ushers Tom Sawyer in. I look in the backseat for Finn,
but all I see is a backpack containing my paint
by number SAT scores
promising the future is yours,
if I do what I am told.
But I grow old, I grow old,
whether or not my trousers are rolled
and I want the goddam brass ring
Oh, I don’t mean bling
You can have that sort of thing
I mean the luxury to be me
To have that kind of clarity.
But instead I have a welcome packet and a half-filled casket as dumb
and dumber academic junk remind me I was sunk
before I had a chance to swim. Over
to my right, a Deer Crossing sign warns me to watch out. How
odd. For the headlights are always on me,
and I think that I must be
the only one frozen.

You can make good time going nowhere.
Like ice, high school wore thin.
It had been a motionless affair.
Yet locked in place I fell through,
with a poker face pocked with rue.
And oh, it was so irrelevant.
All hail holy Thomas Covenant. I was, I am, a bloodguard beyond repair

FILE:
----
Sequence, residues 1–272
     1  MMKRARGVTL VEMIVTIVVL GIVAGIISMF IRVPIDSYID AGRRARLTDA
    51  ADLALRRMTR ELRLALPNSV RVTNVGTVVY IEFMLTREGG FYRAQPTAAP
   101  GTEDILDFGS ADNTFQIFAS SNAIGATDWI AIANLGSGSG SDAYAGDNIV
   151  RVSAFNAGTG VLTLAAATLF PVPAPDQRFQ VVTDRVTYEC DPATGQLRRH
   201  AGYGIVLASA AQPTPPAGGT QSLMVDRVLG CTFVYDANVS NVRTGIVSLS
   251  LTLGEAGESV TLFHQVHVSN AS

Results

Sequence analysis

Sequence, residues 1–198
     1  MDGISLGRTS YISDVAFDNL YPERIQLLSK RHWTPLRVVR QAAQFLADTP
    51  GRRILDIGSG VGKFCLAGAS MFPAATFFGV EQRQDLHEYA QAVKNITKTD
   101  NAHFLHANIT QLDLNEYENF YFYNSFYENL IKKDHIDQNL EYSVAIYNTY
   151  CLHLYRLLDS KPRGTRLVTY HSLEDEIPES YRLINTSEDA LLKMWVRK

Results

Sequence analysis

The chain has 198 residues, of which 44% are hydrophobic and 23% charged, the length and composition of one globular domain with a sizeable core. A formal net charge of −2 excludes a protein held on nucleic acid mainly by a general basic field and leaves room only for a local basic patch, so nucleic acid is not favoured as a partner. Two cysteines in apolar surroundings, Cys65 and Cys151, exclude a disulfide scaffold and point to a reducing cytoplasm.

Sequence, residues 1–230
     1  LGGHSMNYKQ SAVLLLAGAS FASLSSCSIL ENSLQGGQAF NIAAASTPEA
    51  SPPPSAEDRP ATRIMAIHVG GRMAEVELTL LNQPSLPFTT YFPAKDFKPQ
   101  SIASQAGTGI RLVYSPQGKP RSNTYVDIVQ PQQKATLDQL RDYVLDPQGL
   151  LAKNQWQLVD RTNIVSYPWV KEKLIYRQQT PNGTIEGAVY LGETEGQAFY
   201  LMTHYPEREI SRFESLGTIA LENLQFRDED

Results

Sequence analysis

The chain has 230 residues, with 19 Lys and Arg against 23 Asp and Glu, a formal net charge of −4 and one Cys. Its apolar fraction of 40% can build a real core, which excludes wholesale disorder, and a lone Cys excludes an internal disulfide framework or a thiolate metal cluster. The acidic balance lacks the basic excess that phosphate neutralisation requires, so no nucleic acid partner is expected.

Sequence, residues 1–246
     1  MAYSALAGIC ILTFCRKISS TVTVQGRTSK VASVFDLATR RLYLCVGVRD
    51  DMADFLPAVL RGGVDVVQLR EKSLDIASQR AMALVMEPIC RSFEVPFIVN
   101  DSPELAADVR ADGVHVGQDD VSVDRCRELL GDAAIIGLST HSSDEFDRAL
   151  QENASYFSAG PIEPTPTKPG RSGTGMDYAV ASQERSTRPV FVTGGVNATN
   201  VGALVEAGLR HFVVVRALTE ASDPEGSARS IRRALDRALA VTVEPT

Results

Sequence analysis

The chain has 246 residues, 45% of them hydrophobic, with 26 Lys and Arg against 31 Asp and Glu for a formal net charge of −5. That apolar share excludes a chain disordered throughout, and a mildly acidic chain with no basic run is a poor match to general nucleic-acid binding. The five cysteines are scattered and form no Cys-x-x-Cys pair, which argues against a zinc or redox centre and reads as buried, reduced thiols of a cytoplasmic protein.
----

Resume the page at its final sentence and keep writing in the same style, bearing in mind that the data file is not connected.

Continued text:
with little worth protecting, the predetermined physics
of my body only outwardly observing the laws
of organic chemistry prevalent in the halls.
But the need to heed the societal call
to be a cookie cutter
made Engineering seem full of bitter
sweet butter.
But I wonder,
as I take us off the highway,
to gas up at a red and yellow Shell station
offering a free car wash, what
the real catch is. My friend
comes out of the washroom as, my tank all filled up,
I pull the nozzle out, careful not to let it drip,
and slip it back into the slot where it belongs, where it’s supposed to go,
the right hole being so very important you know.
“Do you have to go?” he asks.
Things left unsaid I shake my head
and get back behind the safety of the wheel,
Where in the world does someone like me
have to go?